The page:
Medical Bionics - Research Publications

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    Computational modelling of nerve stimulation and recording with peripheral visceral neural interfaces
    Eiber, CD ; Payne, SC ; Biscola, NP ; Havton, LA ; Keast, JR ; Osborne, PB ; Fallon, JB (IOP Publishing Ltd, 2021-12-01)
    Objective.Neuromodulation of visceral nerves is being intensively studied for treating a wide range of conditions, but effective translation requires increasing the efficacy and predictability of neural interface performance. Here we use computational models of rat visceral nerve to predict how neuroanatomical variability could affect both electrical stimulation and recording with an experimental planar neural interface.Approach.We developed a hybrid computational pipeline,VisceralNerveEnsembleRecording andStimulation (ViNERS), to couple finite-element modelling of extracellular electrical fields with biophysical simulations of individual axons. Anatomical properties of fascicles and axons in rat pelvic and vagus nerves were measured or obtained from public datasets. To validate ViNERS, we simulated pelvic nerve stimulation and recording with an experimental four-electrode planar array.Main results.Axon diameters measured from pelvic nerve were used to model a population of myelinated and unmyelinated axons and simulate recordings of electrically evoked single-unit field potentials (SUFPs). Across visceral nerve fascicles of increasing size, our simulations predicted an increase in stimulation threshold and a decrease in SUFP amplitude. Simulated threshold changes were dominated by changes in perineurium thickness, which correlates with fascicle diameter. We also demonstrated that ViNERS could simulate recordings of electrically-evoked compound action potentials (ECAPs) that were qualitatively similar to pelvic nerve recording made with the array used for simulation.Significance.We introduce ViNERS as a new open-source computational tool for modelling large-scale stimulation and recording from visceral nerves. ViNERS predicts how neuroanatomical variation in rat pelvic nerve affects stimulation and recording with an experimental planar electrode array. We show ViNERS can simulate ECAPS that capture features of our recordings, but our results suggest the underlying NEURON models need to be further refined and specifically adapted to accurately simulate visceral nerve axons.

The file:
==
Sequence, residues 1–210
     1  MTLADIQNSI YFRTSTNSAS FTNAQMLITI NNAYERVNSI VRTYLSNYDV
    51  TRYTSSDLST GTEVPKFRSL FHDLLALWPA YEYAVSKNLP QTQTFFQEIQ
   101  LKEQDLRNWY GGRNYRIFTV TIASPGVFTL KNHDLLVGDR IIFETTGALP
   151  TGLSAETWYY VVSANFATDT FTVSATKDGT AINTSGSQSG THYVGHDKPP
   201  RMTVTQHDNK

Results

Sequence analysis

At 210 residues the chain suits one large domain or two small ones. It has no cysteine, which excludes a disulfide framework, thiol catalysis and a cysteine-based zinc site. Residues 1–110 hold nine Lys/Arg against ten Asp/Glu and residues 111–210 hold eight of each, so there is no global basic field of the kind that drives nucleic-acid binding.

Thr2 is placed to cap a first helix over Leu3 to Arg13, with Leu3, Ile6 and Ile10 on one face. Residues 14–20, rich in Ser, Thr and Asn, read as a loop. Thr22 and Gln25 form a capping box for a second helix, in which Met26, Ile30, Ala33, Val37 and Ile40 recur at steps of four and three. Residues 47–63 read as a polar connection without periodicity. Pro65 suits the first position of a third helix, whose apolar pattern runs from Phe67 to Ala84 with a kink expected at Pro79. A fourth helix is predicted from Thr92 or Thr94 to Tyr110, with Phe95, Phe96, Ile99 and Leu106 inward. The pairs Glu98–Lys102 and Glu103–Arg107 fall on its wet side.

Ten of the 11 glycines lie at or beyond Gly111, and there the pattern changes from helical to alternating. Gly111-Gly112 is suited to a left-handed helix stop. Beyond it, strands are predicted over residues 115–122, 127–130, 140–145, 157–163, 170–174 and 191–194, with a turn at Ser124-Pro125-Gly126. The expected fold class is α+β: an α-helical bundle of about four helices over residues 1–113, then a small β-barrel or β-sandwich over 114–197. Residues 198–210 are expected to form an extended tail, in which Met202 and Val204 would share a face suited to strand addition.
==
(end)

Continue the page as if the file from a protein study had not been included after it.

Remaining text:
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    An objective in vivo diagnostic method for inflammatory bowel disease
    Payne, SC ; Shepherd, RK ; Sedo, A ; Fallon, JB ; Furness, JB (ROYAL SOC, 2018-03-01)
    Inflammatory damage to the bowel, as occurs in inflammatory bowel disease (IBD), is debilitating to patients. In both patients and animal experimental models, histological analyses of biopsies and endoscopic examinations are used to evaluate the disease state. However, such measurements often have delays and are invasive, while endoscopy is not quantitatively objective. Therefore, a real-time quantitative method to assess compromised mucosal barrier function is advantageous. We investigated the correlation of in vivo changes in electrical transmural impedance with histological measures of inflammation. Four platinum (Pt) ball electrodes were placed in the lumen of the rat small intestine, with a return electrode under the skin. Electrodes placed within the non-inflamed intestine generated stable impedances during the 3 h testing period. Following an intraluminal injection of 2,4,6-trinitrobenzene sulfonic acid (TNBS), an established animal model of IBD, impedances in the inflamed region significantly decreased relative to a region not exposed to TNBS (p < 0.05). Changes in intestinal transmural impedance were correlated (p < 0.05) with histologically assessed damage to the mucosa and increases in neutrophil, eosinophil and T-cell populations at 3 h compared with tissue from control regions. This quantitative, real-time assay may have application in the diagnosis and clinical management of IBD.